For no obvious reason Trails Of Cold Steel III is also much more linear than the last game and more like the first, in that you can’t go back to visit previous locations unless there’s a story reason for it. There are also a lot more references and cameos from the Japanese-only games Zero No Kiseki and Ao No Kiseki, which means that even if you have played the two previous games you still won’t know who everyone is or get all the little references.
The basic storytelling in Trails Of Cold Steel III is good, but it would really benefit from some judicious editing, as the story sections back at the academy being to feel literally like taking a boring lesson before you can go out to play and have some fun. As with everything else the combat is largely the same as it’s always been, but although at heart it’s a fairly traditional turn-based system there’s a lot of unique features, as you field multiple party members at once and move them around to avoid attacks and set up combos.
There’s a pleasingly complex set of weaknesses and strengths for each character, where guns, swords, and magic all have their own specific uses and individual weapons are better suited to certain types of enemies. Opponents also now have a break gauge that has to be whittled down so you can do them real damage, requiring some careful coordination of attacks between your party.
There are also more combo options for mech combat, which continues to be a highlight, and quality of life additions such as a fast forward button for when you’re grinding or otherwise want to get a battle over with quickly. As such, the combat has been honed to near perfection and is arguably the best of any current turn-based system.
The story elements are harder to praise, not because they’re not created with the same care and attention to detail, but simply because they’re so hard to appreciate in their totality. Especially when you know that you’re missing two important parts of the puzzle that will likely never be available to UK fans.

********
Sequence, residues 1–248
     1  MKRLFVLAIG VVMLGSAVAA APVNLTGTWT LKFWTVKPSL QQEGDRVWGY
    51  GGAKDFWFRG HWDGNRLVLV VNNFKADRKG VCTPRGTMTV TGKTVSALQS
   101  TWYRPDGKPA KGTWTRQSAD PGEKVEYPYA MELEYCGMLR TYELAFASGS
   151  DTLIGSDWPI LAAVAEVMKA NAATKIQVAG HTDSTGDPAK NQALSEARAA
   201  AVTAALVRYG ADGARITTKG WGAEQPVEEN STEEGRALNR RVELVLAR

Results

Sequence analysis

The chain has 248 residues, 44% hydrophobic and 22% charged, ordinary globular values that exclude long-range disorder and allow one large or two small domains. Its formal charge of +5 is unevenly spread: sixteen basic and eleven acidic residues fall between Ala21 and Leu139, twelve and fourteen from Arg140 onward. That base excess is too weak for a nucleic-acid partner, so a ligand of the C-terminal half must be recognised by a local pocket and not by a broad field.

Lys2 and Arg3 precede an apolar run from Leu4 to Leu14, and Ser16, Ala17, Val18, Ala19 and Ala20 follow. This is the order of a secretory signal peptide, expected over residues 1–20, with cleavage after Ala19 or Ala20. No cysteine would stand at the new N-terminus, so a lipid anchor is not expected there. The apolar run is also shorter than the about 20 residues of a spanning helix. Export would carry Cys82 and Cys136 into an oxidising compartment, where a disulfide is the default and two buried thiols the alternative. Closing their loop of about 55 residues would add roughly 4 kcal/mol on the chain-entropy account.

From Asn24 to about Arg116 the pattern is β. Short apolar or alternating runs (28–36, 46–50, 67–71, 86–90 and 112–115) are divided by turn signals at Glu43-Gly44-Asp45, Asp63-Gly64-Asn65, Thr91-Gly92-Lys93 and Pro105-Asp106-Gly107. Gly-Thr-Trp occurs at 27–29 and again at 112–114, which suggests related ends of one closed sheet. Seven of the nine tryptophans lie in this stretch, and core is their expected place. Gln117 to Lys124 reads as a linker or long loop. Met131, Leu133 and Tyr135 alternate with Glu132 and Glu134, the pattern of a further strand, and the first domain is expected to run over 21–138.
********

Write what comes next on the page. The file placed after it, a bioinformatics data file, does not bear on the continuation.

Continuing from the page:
But Falcom has lasted for getting on 40 years by always making sure their priority is their core audience in Japan and, for better and for worse, the problems of Trails Of Cold Steel III are exactly what you’d expect from such a focus.
The Legend Of Heroes: Trails Of Cold Steel III review summary
In Short: A few unfortunate backsteps make the first native PlayStation 4 entry something of a disappointment, but Trails Of Cold Steel is still one of the best old school JRPGs around.
Pros: Despite its very traditional roots the turn-based combat is nuanced and exciting throughout the whole game. Good character work and a genuinely interesting game world and history.
Cons: Slow story pacing made worse by linear progression and long periods without any action. Multiple references to games not released outside of Japan. No major new ideas. Too long.
Formats: PlayStation 4
Publisher: NIS America
Release Date: 22nd October 2019
Age Rating: 16
Email [email protected], leave a comment below, and follow us on Twitter
Source: Read Full Article